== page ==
Ultrasonic testing unit 170 can be electrically connected to a computer 160 through an umbilical 180. The computer 160 can include a power supply 162, microprocessor 165 for running system software and controlling system operations, memory 164, an input/output controller for managing data being sent to and from, among other components, the ultrasonic testing unit 170, a keyboard (not shown), a joystick or mouse (not shown), a printer (not shown), and various other peripherals (not shown). Computer 160 can also comprise a monitor 161 for viewing system operations and inspection results.
An ambient temperature sensor 140 and a target temperature sensor 150 can be connected to the ultrasonic testing unit 170. The target temperature sensor 150 can be positioned such that it is in direct contact with the surface of the test object 500 under inspection, either as part of the ultrasonic wedge 120 or, as shown in
In Step 205, temperature readings from the ambient temperature sensor 140 and target temperature sensor 150 can be input to the microprocessor 165 where they can be used to determine the temperature gradient of the ultrasonic wedge 120 in Step 210.
In order to solve the formula and determine the temperature of the ultrasonic wedge 120 at any given location (Tn(x)), the actual temperature of the surface of the test object (Ts) can be taken from the target temperature sensor 150 and the ambient temperature of the test location (T∞) can be taken from the ambient temperature sensor 140. In addition to determining the ultrasonic wedge temperature at each location using the formula above, commercial software which uses finite element and finite volume schemes can be utilized.
Using the wedge temperature gradient determined in Step 210, Step 215 can then determine the sound velocity gradient in the ultrasonic wedge 120 as derived from the temperature-velocity relationship. Similarly, Step 220 can determine the sound attenuation gradient in the ultrasonic wedge 120 as derived from the temperature gradient, with the sound attenuation gradient providing the drop in amplitude of sound as it travels through a given layer of wedge material. The velocity and attenuation of sound as a function of temperature for any given wedge material can be obtained through experimental measurements, from literature, or through mathematical derivation. For example, equations for the velocity and attenuation of sound in an ultrasonic wedge material (e.g., natural ULTEM) are as shown below in equations (2) and (3) below:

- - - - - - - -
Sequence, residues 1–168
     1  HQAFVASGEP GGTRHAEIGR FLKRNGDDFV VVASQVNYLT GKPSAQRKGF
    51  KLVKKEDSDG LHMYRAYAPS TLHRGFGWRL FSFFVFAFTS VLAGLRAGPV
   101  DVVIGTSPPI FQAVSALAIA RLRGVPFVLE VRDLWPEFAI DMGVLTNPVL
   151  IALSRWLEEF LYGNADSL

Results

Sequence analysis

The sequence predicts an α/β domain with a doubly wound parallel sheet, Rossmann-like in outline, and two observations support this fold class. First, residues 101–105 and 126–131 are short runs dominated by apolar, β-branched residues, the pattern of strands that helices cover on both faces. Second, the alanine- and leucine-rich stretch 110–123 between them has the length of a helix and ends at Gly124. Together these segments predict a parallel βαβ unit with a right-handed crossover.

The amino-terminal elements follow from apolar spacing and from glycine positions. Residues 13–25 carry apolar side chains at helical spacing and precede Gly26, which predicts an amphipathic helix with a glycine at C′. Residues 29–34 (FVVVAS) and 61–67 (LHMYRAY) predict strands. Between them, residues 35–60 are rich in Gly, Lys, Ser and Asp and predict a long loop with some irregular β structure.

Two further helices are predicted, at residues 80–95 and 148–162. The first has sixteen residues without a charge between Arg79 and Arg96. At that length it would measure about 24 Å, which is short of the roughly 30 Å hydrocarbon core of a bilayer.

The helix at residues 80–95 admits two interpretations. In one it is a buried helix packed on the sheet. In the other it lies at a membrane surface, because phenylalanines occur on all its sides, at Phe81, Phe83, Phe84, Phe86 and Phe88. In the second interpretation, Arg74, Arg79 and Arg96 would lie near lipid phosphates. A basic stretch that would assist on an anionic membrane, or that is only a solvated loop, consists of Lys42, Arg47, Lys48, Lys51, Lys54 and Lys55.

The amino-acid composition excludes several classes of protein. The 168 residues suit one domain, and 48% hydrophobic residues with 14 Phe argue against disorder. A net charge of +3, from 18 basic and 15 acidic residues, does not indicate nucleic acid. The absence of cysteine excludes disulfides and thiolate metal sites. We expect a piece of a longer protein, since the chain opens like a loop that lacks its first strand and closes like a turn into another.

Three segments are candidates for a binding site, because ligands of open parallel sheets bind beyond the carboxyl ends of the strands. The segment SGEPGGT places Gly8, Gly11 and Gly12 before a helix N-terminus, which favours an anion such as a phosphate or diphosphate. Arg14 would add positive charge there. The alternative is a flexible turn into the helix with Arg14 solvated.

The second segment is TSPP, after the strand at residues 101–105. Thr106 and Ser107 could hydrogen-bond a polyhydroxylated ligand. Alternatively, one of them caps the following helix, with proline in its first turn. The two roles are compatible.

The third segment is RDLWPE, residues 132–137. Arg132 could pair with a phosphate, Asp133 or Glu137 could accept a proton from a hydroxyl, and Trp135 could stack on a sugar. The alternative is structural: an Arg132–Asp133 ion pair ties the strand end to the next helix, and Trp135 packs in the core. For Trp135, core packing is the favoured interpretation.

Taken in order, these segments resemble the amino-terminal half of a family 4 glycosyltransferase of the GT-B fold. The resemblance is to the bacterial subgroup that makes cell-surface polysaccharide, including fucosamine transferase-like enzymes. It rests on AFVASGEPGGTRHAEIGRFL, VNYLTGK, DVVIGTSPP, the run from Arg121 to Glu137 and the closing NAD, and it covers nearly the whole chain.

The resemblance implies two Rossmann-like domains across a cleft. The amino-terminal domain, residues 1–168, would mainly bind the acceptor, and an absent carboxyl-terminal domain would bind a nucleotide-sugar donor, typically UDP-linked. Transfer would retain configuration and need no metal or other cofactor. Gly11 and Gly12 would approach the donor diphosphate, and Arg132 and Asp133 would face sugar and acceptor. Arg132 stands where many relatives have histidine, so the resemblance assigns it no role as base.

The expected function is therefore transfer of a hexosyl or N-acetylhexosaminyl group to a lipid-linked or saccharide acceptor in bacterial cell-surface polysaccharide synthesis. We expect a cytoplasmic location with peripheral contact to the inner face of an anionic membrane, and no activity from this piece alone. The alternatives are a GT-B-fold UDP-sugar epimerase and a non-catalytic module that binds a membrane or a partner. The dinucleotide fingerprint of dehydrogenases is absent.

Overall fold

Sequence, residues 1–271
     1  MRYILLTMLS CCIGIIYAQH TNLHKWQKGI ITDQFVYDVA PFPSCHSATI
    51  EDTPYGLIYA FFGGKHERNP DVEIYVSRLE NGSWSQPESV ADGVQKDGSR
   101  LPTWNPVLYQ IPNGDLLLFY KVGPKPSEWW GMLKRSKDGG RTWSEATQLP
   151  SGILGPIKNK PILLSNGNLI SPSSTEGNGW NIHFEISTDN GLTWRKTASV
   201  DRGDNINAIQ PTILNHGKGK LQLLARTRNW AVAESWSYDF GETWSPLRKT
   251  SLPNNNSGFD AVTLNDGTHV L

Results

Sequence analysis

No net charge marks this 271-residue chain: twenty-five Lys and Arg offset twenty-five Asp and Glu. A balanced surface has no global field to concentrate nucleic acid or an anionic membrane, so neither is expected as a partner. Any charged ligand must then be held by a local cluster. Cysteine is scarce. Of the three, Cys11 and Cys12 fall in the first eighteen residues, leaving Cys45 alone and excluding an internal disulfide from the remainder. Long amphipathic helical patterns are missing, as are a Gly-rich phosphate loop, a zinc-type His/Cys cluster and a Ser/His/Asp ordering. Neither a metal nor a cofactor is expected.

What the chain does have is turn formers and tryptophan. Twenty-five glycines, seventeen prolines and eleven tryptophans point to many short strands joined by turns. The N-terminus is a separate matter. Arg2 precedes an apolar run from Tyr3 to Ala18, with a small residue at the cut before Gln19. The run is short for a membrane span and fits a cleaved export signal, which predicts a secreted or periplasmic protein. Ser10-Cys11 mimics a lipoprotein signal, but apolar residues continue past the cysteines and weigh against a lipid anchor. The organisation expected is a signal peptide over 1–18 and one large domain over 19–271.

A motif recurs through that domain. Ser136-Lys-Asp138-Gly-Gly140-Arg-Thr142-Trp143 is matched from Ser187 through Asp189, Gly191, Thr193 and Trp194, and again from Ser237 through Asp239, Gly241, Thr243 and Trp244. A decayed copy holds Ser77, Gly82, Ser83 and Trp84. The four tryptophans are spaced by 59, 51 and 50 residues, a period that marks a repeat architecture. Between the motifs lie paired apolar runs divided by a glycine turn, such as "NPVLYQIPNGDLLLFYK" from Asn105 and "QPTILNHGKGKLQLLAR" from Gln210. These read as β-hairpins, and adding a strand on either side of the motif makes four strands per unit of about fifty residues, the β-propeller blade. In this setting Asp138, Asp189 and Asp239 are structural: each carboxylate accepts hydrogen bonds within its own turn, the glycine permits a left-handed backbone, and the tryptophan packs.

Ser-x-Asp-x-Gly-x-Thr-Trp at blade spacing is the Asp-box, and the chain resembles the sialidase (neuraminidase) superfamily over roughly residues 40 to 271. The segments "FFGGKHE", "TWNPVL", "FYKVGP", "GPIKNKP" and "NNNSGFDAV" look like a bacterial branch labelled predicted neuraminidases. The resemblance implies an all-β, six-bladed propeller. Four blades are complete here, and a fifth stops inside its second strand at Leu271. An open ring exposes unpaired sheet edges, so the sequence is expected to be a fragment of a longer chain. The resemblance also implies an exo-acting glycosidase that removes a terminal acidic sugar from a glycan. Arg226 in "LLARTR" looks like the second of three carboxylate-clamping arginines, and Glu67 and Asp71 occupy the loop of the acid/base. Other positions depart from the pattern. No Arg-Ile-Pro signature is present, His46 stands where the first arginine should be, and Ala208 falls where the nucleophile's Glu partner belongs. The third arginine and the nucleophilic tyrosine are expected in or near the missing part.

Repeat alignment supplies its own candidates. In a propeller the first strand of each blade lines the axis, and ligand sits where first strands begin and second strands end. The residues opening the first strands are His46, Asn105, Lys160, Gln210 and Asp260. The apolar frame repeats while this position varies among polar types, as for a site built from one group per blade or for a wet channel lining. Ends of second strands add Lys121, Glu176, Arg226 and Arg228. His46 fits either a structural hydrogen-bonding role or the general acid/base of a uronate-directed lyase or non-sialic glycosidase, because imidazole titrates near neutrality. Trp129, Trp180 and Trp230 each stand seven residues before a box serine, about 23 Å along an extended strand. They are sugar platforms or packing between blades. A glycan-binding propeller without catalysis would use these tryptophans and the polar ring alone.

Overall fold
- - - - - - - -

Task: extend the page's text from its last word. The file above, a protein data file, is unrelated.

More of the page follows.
V n(T)=−72.551T n+96026 (2)
Attnn(T)=−0.0281T n+96026 (3)
By combining data from the wedge temperature gradient with data from the sound velocity gradient, the automated wedge temperature correction process 200 can predict changes in the velocity and direction of the ultrasonic beam with changes in the temperature of the ultrasonic wedge 120 at different locations on or within the ultrasonic wedge 120. The change in angle can be predicted by repeated use of Snell's Law, shown in equation (4) below:
Based on this information, data regarding the velocity of sound and the change in angle of the sound beam resulting from the temperature gradient of the ultrasonic wedge 120 can be obtained.
Knowing the locations of the center point 440 and point of interest 550, in Step 230 the automated wedge temperature correction process 200 can then select an initial interface point 460, designated (x3, y3), located on the x-y coordinate system, and can determine angles θ1 and θ2 by applying simple geometric calculations. In Step 235, the automated wedge temperature correction process 200 can then compare the ratio of v1/v2 to the ratio of sin θ1/sin θ2 for the calculated angles based on the selected interface point 460 location. If, at Step 236, the difference between v1/v2 to sin θ1/sin θ2 is within a predetermined tolerance, the system can use that interface point 460 location as determinative of the actual sound path, as that is the path that an ultrasonic sound pulse traveling from center point 440 to point of interest 550 will take in accordance with Snell's Law. If, however, the difference between the ratios exceeds a given tolerance, in Step 237 the interface point 460 can be incrementally moved in one direction or the other along the x-axis until the difference falls within the acceptable tolerance. In one embodiment, if the difference between the ratio of v1/v2 and the ratio of sin θ1/sin θ2 is greater than a given tolerance value the x coordinate of the interface point 460 is incremented, while if the difference is below a given tolerance value the x coordinate of the interface point 460 is reduced.